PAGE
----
What do Dalai Lama, Bill Clinton, and Leonardo Da Vinci have in common?
It may surprise you to find out, but each of them was a procrastinator.
If this news surprised you, you’ll be shocked by the procrastination statistics and facts in this article.
A study conducted by experts has discovered that 20% of adults consider themselves chronic procrastinators, an extremely worrying fact.
So why exactly do we procrastinate? And what are the impacts that it has on our lives?
After extensive research, I have collected the most recent procrastination facts and statistics based on research and expert studies.
- Procrastination is a global issue, with 1.59 hours spent procrastinating every day and an estimated 55 days spent procrastinating on average per year.
- Teens and young adults aged 14 – 29 are most prone to procrastination, with 81% of undergraduate students identified as habitual procrastinators.
- The negative effects of procrastination include lowered productivity, academic performance issues, financial losses and mental health concerns such as stress and anxiety.
- Technology plays a big role in procrastination – 57% of total online time is wasted due to various distractions instead of focusing on tasks at hand.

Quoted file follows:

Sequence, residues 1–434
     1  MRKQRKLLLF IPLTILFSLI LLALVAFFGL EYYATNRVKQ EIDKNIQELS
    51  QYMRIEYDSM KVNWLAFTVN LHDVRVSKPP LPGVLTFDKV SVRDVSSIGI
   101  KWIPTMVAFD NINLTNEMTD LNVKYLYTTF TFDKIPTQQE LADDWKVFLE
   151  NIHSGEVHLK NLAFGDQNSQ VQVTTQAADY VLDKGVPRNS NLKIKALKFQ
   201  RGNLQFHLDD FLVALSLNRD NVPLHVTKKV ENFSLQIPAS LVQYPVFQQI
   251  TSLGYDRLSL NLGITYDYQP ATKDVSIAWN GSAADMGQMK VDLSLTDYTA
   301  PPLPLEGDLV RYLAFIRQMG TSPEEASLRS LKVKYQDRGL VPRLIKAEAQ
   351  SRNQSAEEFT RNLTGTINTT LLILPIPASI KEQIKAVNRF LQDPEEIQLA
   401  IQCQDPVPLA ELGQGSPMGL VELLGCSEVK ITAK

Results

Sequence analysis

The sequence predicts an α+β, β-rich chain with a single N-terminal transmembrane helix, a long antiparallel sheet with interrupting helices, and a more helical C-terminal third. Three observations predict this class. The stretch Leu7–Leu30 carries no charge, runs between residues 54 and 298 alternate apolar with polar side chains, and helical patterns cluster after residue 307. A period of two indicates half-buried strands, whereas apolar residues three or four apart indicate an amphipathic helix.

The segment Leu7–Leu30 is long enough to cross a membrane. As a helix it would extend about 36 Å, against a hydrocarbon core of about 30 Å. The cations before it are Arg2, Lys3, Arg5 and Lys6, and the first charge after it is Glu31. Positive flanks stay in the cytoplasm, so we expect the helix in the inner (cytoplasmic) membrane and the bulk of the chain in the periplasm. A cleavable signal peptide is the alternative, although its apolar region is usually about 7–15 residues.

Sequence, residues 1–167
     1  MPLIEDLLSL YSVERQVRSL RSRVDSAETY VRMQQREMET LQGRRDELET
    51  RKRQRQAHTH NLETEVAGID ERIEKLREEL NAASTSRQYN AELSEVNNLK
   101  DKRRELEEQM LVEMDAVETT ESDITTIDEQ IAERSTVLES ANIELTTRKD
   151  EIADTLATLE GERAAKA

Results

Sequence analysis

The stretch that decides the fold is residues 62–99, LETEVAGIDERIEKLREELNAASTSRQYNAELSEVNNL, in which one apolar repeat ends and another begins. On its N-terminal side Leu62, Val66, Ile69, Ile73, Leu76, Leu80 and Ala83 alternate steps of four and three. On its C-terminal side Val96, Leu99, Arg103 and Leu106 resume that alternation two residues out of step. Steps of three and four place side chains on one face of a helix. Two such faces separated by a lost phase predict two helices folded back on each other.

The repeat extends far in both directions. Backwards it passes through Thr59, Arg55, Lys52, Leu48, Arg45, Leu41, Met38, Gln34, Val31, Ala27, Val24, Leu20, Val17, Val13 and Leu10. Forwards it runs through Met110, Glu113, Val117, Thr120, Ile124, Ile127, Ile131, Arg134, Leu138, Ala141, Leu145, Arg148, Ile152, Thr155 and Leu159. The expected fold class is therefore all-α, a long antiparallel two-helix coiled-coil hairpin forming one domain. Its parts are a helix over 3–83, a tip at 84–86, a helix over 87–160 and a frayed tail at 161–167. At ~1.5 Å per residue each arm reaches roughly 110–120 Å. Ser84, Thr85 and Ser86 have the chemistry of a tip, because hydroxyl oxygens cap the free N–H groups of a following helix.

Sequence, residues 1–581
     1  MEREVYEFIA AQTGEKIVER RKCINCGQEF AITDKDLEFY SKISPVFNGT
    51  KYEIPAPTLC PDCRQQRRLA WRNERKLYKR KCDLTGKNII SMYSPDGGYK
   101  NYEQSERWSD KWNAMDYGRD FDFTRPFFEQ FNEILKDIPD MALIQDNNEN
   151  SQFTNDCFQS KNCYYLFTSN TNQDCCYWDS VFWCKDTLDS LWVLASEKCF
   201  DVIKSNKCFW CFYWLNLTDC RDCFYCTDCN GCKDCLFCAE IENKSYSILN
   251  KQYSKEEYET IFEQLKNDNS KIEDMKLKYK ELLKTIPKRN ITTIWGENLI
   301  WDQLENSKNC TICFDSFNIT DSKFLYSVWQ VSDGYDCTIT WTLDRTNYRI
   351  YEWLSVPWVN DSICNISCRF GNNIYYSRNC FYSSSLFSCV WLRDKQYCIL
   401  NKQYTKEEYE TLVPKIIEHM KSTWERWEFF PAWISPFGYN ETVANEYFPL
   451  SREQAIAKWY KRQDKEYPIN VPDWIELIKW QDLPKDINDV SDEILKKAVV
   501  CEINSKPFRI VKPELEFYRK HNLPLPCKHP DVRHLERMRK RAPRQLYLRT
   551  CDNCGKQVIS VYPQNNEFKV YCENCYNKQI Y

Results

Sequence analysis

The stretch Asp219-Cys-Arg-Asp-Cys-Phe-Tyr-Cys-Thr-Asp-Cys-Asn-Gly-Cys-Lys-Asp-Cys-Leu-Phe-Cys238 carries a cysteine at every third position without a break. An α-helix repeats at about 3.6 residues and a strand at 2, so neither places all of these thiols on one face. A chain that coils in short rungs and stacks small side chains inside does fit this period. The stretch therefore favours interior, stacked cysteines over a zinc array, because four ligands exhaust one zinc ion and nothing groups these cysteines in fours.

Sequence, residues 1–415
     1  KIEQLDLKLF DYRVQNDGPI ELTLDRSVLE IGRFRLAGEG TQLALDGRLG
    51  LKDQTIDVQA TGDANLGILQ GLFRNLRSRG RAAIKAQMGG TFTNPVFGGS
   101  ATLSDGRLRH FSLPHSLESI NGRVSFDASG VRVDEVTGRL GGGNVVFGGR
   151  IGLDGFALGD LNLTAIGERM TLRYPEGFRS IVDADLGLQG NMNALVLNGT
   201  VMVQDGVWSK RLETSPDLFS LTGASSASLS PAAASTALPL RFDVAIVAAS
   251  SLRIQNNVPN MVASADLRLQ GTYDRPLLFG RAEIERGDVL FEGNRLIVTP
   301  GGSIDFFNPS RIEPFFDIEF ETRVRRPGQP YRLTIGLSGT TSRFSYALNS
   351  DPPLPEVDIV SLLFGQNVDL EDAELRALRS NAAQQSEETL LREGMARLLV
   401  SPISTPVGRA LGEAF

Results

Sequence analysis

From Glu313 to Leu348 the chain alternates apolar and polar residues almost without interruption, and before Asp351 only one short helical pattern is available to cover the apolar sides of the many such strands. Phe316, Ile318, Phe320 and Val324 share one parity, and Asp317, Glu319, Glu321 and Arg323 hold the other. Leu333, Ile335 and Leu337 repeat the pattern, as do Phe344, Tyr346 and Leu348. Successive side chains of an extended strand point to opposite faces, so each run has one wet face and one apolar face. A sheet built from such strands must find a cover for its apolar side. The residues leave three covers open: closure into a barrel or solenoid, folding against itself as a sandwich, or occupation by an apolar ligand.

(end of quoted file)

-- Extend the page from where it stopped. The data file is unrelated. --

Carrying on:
General statistics on procrastination
Procrastination affects most of the population, with many admitting to postponing tasks and spending a considerable amount of time each day not focusing on their work.
Here are some key statistics that shed light on the extent of this issue:
- 20% of adults admit to being chronic procrastinators, compared to the 5% in the 1970s
- People spend an average of 1.59 hours per day procrastinating
- Bedtime procrastination is a problem that affects women much more than men
- Procrastination is a more common problem than alcoholism, substance abuse, and depression, affecting a more significant number of people.
These general facts about procrastination should make you understand how widespread and often underestimated it is, which can severely impact our daily lives.
How much time does the average person spend procrastinating?
In the current generation, we have reached the highest procrastination levels.
The average person spends 218 minutes (about 3.5 hours) procrastinating daily, which amounts to around 55 days per year: you’re wasting almost two months of your life yearly!
Internet doesn’t help in terms of distraction 57% of people procrastinate online.
These numbers are alarming, as the ripple effects of wasting precious time procrastinating can be detrimental in several aspects of life.
Procrastination impacts our well-being, leaving us stressed and overwhelmed by the accumulating tasks. It hinders academic performance, causing grades to plummet.
In fact, anti-procrastination apps are an excellent ally to defeat this problem once and for all and regain control of your time
According to a recent study, It’s estimated that a person who procrastinates for three hours a day wastes a whopping $15,000 annually, among the negative consequences of this behaviour.
So, don’t you think it’s time to overcome procrastination?
We all went to school, so we know well that students often prefer to have fun and go out rather than spend their days studying.